We continue our look into one of our longest running cellaring experiments to date: Bell’s Batch 9,000.
The first entries into Bell’s Batch series began as a way to commemorate brewing milestones. But as Bell’s grew up it grew out of the tradition. The last two installments in the series, Batch 9,000 and Batch 10,000, were released less than a year apart. Batch 9,000 hit store shelves in January of 2010 and Batch 10,000 in November of the same year. It’s probably safe to say that subsequent releases would be even closer together.
Bell’s has since moved on to bigger projects, like its Planet Series, which paraded out to stores in 2015, and yearly releases of Black Note and Eccentric Ale among a number of other specialty releases. That leaves us with the remnants of the Batch series, two more bottles each of 9,000 and 10,000. Before we check in on a seven-year-old pour of Bell’s Batch 9,000, here are snippets of more in depth reviews posted over the last six years:
“Grapes, jam, jelly, sweetness and rum, if this beer was Buddhist it would have aged itself into a new state of consciousness. Dark, deeply purple and still just a little watery, this beer has gone straight through to bold, boozy, heavy, tough, hardcore grape and raisin sweetness.”
“What really struck me about this beer was the body. It was…perfect. The carbonation was sparkly and lively, but was balanced out by a hefty mouthfeel.”
“Creamy yet sparkling, complex with a huge aroma and flavor, this still has everything it went into the kettle with – this beer is definitely and noticeably starting to decline, but it seems as though it’ll be quite gradual.”
“The two-note nose of this now four-year-old beer still has that subtle touch of molasses and the anticipated grape soda, perhaps some star of anise too, but there’s also some red pepper flake. Yup, Batch 9,000 has gone spicy. That hint of heat in the aroma was no mistake. Front and center with each sip is a blend of peppercorns, paprika, mild chili powder and Tabasco sauce.”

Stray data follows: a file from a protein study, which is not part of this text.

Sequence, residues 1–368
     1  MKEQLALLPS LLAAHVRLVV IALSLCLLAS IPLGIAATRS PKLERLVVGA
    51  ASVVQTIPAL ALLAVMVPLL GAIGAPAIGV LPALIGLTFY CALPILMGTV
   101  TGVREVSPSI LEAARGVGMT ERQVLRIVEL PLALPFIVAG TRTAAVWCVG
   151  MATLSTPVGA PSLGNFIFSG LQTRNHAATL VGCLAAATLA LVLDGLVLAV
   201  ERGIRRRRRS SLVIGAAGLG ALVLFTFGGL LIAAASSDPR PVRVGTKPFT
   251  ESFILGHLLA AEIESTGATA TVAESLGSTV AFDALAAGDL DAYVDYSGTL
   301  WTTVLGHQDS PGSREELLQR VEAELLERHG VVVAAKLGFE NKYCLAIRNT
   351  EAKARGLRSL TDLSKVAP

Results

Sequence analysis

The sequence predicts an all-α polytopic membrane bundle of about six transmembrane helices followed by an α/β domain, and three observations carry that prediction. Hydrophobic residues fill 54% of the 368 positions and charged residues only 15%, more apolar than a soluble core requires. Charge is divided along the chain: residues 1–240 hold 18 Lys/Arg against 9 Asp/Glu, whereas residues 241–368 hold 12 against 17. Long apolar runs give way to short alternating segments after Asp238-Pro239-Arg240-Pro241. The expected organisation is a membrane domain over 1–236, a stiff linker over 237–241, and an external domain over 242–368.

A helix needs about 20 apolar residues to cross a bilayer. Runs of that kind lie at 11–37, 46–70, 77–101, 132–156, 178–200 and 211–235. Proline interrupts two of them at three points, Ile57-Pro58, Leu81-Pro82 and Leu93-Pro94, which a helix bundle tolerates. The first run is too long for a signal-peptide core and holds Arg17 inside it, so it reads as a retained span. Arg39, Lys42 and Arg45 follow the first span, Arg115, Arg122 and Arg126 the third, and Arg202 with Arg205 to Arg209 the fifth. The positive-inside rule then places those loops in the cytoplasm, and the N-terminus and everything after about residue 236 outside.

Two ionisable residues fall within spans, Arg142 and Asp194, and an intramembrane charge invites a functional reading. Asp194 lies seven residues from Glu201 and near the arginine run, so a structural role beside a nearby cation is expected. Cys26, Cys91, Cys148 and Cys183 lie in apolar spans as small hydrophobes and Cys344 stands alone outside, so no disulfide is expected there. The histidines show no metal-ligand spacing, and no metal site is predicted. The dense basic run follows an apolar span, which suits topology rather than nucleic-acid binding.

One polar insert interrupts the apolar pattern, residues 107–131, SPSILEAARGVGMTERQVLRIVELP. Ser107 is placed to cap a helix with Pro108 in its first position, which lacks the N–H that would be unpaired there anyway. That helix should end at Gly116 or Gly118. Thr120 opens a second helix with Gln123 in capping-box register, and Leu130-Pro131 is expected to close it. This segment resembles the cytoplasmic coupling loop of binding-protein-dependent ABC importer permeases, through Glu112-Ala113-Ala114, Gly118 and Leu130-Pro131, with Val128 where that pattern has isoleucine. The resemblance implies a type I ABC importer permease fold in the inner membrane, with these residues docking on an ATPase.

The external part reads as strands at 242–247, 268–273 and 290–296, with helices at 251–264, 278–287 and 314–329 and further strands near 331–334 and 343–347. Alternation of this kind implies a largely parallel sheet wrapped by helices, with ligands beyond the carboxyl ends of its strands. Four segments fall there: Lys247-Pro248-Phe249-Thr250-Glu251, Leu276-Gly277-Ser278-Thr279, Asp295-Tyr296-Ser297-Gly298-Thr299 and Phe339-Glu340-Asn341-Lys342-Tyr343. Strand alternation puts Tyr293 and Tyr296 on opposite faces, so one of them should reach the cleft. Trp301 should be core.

“The nose sets the tone with a strong aroma of Hershey’s cocoa powder, a berry and maple syrup reduction, brown sugar and raisin bread slathered in icing. Rich doesn’t even begin to accurately describe the aroma; same goes for the flavors.”
“The aroma isn’t as sweet as years past with a hint of black licorice buried under notes of tobacco and leather. The flavors, however, are just as sweet, if not sweeter. A warm, vanilla cream frosted cinnamon roll leads the way followed by buttercream frosting, milk chocolate and peanut brittle. The finish is a mix of sweet and salty, with a blend of brown sugar and soy sauce.”
This brings us to a now seven year-old-pour of Bell’s Batch 9,000, which is still surprisingly sweet and may be leveling off just a tad to round out into something resembling a silky smooth imperial stout.
The nose on this strong ale leans stone fruits and star of anise as it continues to trend away from the sweet and savory aromas of year’s past. Overall, the nose holds up really well with limited signs of oxidation.
The first big surprise on the palate was the still-decent carbonation, especially for a beer of its age, as was the velvety smooth texture and sticky yet creamy mouthfeel. The carbonation coupled with the smoothness made for a nice vehicle to deliver the likes of cherries, plums, raisins, dates and dark rum. The dessert-like sweetness of the last few years has faded, making way for hearty dark fruits and a slight hint of alcohol.
Seven years in and Bell’s Batch 9,000 is still drinking phenomenally well.